5/27 - mainly a repositioning day to Midland, but deviated to Mineral Wells for potential severe. Bailed and continued on to Midland when the only storms (IIRC) were on the longitude of DFW (can't remember if they were north or south of DFW).

5/28 - fun chase of a weak LP near Odonnell TX and then a few hours on a supercell from north of Brownfield to Tahoka.

5/29 - down day, repositioned to Amarillo (which would turn out to be a waste, see 5/30)

5/30 - all the way back down to Denver City TX to play the OFB, then adjusted further down to Midland. Missed the tornados (won't rehash all that here, see Reports thread) but enjoyed the awesome structure, best I've seen in a few years.

5/31 - down day

6/1 - enjoyable chase in Fort Stockton, finally ridding myself of my aversion to the area

6/2 - Silverton TX tornado day!

6/3 - another blue sky cap bust, this one in southwest OK / northwest TX, but at least no forecast-related errors or regrets

6/4 - close to another cap bust, in west-central OK, until late (~8pm) initiation grew instantly upscale into a linear MCS

Total mileage: 5,619
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After Saturday in Iowa, I think I must have set some sort of seasonal record (certainly a personal one, at least) for time spent chasing tornado-warned storms without actually seeing a tornado (apart from a distant glimpse of the first Afton, IA area EF2 on April 26, and another brief glimpse as it was roping out). :rolleyes:

I need to find a way to objectively measure "time spent inside a tornado warning polygon" and add that to my chase stats, because this was the theme of my season as well. I feel like we deserve some credit for that even when the skies don't want to cooperate 😜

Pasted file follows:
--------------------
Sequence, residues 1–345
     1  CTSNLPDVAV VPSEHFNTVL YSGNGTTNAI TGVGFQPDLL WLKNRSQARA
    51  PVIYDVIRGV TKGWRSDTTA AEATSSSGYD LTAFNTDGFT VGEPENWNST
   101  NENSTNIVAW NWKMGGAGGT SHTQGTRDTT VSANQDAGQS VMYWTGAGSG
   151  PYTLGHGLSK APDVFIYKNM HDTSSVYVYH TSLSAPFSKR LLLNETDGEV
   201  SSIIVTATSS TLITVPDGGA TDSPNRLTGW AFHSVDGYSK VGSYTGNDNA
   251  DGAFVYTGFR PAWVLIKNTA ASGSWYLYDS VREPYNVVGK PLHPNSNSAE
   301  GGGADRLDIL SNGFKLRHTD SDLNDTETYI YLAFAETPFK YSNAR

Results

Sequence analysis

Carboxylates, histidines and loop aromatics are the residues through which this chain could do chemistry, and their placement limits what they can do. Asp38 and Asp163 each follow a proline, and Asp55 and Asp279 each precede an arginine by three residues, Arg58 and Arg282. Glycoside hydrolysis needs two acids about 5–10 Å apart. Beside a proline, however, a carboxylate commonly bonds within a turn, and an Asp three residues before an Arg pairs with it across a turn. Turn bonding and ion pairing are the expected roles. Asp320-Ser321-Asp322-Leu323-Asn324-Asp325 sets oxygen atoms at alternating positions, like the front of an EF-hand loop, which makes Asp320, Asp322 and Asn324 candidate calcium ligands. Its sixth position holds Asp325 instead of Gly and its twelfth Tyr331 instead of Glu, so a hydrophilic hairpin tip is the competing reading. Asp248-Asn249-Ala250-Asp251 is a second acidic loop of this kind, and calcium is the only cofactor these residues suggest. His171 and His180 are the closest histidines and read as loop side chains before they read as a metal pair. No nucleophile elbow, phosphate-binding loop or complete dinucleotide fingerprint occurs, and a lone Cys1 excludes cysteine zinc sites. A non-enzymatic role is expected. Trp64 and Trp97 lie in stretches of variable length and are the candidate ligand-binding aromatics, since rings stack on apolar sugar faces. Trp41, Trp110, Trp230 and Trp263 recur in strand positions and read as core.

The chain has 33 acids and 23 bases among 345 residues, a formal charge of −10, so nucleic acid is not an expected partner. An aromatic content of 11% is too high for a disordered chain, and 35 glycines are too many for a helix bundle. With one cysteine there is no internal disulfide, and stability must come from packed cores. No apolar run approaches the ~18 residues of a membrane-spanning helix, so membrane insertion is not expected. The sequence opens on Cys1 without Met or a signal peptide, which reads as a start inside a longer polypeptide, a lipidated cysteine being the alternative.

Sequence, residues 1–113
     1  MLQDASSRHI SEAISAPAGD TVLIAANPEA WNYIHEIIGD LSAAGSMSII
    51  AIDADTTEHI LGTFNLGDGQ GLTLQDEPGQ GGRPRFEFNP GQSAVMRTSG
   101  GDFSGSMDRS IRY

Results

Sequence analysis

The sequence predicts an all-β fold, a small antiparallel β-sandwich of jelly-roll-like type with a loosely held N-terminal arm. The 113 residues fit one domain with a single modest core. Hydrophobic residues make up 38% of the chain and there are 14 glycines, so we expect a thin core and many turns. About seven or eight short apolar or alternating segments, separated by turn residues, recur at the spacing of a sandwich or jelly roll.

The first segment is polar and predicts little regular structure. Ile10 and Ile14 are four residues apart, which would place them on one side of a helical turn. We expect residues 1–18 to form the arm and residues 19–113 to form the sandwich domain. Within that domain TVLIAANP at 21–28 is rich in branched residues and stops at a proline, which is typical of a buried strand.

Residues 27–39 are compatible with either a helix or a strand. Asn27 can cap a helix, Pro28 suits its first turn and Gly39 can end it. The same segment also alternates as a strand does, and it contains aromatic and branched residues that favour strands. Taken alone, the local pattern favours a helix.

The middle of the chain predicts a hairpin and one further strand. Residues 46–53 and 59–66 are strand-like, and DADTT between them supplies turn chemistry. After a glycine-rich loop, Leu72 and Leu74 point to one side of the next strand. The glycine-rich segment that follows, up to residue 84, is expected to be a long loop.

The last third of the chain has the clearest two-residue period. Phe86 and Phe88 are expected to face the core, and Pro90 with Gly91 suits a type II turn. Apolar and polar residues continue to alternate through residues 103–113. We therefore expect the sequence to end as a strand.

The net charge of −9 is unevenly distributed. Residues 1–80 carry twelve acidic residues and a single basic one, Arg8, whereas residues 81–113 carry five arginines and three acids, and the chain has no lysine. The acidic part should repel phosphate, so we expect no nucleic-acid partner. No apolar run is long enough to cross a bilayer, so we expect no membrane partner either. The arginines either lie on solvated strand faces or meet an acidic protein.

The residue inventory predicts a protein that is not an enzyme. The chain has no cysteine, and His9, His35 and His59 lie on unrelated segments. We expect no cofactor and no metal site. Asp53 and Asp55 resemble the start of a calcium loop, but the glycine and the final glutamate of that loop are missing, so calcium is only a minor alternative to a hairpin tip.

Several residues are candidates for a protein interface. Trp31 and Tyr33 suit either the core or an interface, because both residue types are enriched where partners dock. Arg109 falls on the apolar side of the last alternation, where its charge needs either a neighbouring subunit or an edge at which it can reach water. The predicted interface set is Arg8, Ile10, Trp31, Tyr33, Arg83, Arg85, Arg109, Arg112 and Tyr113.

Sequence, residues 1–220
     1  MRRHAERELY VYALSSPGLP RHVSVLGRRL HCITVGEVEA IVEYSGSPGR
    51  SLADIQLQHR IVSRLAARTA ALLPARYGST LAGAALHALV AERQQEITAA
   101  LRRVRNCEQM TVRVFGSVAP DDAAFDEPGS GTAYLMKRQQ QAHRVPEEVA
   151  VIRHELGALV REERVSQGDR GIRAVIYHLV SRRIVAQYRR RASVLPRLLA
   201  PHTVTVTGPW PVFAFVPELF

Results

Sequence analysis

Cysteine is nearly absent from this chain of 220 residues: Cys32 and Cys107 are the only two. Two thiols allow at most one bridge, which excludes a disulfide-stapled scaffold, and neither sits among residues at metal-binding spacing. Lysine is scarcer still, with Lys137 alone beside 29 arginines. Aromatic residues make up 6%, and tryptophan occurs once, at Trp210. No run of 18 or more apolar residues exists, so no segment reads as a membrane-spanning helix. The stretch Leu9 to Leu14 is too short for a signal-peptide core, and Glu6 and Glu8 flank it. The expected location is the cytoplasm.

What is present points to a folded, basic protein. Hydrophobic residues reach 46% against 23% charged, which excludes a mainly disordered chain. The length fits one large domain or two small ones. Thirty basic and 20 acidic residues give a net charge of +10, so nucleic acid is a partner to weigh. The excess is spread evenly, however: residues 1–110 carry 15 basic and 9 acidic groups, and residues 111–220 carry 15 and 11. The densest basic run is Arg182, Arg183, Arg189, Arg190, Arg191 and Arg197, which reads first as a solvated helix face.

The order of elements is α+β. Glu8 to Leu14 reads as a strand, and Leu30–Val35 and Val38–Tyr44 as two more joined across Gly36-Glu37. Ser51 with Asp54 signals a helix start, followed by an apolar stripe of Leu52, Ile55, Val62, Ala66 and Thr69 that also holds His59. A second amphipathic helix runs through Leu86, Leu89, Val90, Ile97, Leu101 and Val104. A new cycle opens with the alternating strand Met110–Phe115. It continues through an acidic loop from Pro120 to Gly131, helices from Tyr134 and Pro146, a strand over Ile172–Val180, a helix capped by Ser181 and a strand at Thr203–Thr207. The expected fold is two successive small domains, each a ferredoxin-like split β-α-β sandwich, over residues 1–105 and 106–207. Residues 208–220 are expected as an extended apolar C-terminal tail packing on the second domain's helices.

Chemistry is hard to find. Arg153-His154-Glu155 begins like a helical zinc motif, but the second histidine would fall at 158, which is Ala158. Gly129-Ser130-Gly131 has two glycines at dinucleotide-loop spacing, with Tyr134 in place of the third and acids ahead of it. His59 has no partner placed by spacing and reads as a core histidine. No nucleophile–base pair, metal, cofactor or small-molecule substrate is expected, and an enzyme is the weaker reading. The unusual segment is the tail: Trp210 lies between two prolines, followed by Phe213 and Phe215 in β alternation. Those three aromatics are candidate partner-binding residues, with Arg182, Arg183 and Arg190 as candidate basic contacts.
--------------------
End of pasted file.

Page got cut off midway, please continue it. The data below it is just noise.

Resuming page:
March 24 - June 27




I won't ramble on too much about my overall thoughts on the season as I went pretty in-depth about my headspace in another thread. I've come to terms with it thanks to letting those thoughts air out through various outlets. This not only let me come to terms with where my head was this season and accept it for what it was, but it let me kinda move through the fog and appreciate the good that this season offered me. I think what I got out of it most was how appreciated and valued I am at my network. It's hard to say that I have felt as valued at previous jobs as I do here, and through my mental struggles this season, I learned just how appreciated I am, and how much I am valued at my company. That really turned the tide for me, albeit a bit later into the season, but it was a nice outcome among all the turmoil I was burying myself in. I'm not use to it; this business is brutal, and I came out of a gig in Kansas where I gave up a lot for that job and barely got a 'atta boy' for it. I was taken advantage of, pushed beyond my limits, and in the end, tossed aside. Common in the media world, so not meant to be a sob story, but that kinda how it went down. Here though, a vastly different story. And that's the good outcome of my mental struggles this year was seeing how much the people at my network cared. I'm hopeful that next season I'll ride that more and enjoy the entire season similarly to how I enjoyed my last few chases this year.


Without question, this was the top chase of the season for me... I'm a "one chase makes a season" kinda guy, and this would be it for 2024 to this point. Ranks in the top 10 for most tornadoes I've seen in one day (8), and certainly a top 5 for intensity as our early tornadoes in Nebraska were strong, close-range intercepts. Nothing terribly wall-worthy in terms of photogenic tornadoes, though. Our best was the back-half of the Defiance wedge, and when we got a view (prestine view from the north, might I add), it was never fully condensed. An awesome sight none-the-less, but that was certainly my most "wall-worthy" tornado in a season that featured many many better opportunities, none of which I was there for. Still, this chase was a pretty incredible one, despite missing the tornado of the day near Lincoln as we were respositioning across the river after a handful of early Nebraska tornadoes. This day also marked a career highlight for me as we went wall-to-wall on the network with the Defiance tornado for nearly 30-minutes straight. Easily the longest I have been live with a tornado at one time, and it made for some incredible TV.